Increase in West Nile in Missouri Horses
"I will sure give them a vaccine when they come on the property so I don't have to worry about it," he said.
A University of Missouri veterinarian said all horse owners should do the same.
"We're suggesting it might be a real good idea for horse owners to review the vaccination history of the animals, make sure they have continued to provide booster vaccines as needed, and then vaccinate horses that they may have bought or may have been added to the herd that they don't know the vaccine status of," said Gayle Johnson.
And, Johnson said, this year's increased cases of West Nile in horses is bad news for people.
"Humans are certainly at risk if they live in an environment similar to the horses, rural people particularly," she said.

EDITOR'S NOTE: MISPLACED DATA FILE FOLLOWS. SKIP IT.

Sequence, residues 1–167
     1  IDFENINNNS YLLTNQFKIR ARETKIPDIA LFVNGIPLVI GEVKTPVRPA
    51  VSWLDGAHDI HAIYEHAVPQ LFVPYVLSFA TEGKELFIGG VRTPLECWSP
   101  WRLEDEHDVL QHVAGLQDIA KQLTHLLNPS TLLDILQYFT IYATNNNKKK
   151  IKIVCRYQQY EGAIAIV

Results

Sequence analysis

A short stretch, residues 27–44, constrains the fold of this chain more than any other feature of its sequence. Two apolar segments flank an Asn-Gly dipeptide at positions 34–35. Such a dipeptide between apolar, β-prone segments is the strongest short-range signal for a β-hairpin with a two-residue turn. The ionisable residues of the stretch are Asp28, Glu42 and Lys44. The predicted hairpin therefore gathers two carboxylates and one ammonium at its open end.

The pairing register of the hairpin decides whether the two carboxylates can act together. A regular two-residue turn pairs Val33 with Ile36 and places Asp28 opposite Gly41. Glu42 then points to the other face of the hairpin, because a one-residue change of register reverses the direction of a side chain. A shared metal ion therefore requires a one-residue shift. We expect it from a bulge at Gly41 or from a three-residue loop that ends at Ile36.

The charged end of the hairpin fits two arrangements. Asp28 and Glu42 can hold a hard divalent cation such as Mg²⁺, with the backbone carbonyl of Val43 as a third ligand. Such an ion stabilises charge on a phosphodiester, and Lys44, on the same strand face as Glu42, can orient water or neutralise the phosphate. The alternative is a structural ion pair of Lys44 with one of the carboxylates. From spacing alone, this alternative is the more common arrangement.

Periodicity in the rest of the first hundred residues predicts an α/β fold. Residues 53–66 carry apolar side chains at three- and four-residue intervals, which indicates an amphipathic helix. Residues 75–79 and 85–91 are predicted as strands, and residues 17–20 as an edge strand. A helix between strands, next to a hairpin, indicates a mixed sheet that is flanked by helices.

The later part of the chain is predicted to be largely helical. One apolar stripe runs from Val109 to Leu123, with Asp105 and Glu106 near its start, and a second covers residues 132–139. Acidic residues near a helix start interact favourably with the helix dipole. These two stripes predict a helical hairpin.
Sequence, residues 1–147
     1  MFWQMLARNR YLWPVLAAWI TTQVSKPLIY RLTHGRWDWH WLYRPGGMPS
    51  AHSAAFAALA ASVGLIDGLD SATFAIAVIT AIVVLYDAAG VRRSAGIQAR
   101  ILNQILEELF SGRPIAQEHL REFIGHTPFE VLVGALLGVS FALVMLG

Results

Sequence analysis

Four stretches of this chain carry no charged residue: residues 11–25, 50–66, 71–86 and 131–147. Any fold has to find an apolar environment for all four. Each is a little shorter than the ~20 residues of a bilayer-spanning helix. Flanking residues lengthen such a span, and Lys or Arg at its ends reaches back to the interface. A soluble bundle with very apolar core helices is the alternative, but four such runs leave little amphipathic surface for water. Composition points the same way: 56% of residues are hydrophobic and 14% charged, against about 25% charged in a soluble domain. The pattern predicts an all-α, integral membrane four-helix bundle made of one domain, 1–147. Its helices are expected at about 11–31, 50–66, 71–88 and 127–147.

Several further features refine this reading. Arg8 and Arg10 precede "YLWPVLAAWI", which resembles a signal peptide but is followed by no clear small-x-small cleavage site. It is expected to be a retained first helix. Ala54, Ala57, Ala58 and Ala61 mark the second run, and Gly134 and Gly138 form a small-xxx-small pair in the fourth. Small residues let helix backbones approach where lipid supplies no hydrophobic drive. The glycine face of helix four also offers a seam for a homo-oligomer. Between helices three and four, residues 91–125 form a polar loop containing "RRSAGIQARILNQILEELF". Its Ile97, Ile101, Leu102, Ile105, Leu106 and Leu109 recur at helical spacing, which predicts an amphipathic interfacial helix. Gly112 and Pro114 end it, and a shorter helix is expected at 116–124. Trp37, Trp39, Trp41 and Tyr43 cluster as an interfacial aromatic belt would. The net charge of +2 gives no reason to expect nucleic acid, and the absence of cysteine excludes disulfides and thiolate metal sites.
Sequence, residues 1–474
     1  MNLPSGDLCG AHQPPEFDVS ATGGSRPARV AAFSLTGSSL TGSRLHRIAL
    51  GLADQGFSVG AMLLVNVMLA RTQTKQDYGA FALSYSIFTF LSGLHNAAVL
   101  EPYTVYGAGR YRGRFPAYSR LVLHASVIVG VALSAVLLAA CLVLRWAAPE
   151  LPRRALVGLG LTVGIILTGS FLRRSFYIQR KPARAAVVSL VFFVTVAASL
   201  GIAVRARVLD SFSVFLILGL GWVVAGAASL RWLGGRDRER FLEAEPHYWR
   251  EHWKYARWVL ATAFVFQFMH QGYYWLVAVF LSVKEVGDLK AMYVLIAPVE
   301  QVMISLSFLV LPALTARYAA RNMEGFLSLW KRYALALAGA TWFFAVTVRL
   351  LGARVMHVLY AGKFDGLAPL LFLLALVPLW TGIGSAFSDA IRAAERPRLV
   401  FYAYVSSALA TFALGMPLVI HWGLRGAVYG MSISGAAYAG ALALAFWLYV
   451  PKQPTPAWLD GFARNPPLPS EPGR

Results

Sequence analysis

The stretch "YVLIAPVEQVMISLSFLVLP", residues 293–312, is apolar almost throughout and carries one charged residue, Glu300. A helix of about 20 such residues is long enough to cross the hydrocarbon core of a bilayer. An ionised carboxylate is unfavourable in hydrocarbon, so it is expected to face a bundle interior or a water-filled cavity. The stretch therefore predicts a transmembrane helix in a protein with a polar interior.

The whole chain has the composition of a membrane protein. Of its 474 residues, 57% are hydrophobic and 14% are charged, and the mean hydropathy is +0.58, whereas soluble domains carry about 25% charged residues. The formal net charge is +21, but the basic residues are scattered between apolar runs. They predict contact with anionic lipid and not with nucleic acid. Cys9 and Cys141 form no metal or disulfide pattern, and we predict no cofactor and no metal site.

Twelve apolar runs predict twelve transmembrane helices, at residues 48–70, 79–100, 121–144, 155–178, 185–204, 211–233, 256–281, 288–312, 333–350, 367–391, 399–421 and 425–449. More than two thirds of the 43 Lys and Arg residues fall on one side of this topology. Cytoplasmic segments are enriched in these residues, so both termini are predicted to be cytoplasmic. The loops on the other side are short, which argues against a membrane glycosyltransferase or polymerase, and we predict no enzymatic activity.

However, human cases of West Nile in Missouri are down from last year. The first human case in Boone County is a Sturgeon resident, so the Columbia-Boone County Health Department will spray nearby areas to contain the virus. To avoid West Nile, wear long-sleeved shirts and long pants when you're outdoors, remove old tires from your property, clean clogged rain gutters, and clean and chlorinate swimming pools and hot tubs.
Johnson added that West Nile won't peak for horses until mid-September. About one out of every three horses infected last year died from the virus, and Johnson expects about the same this year.
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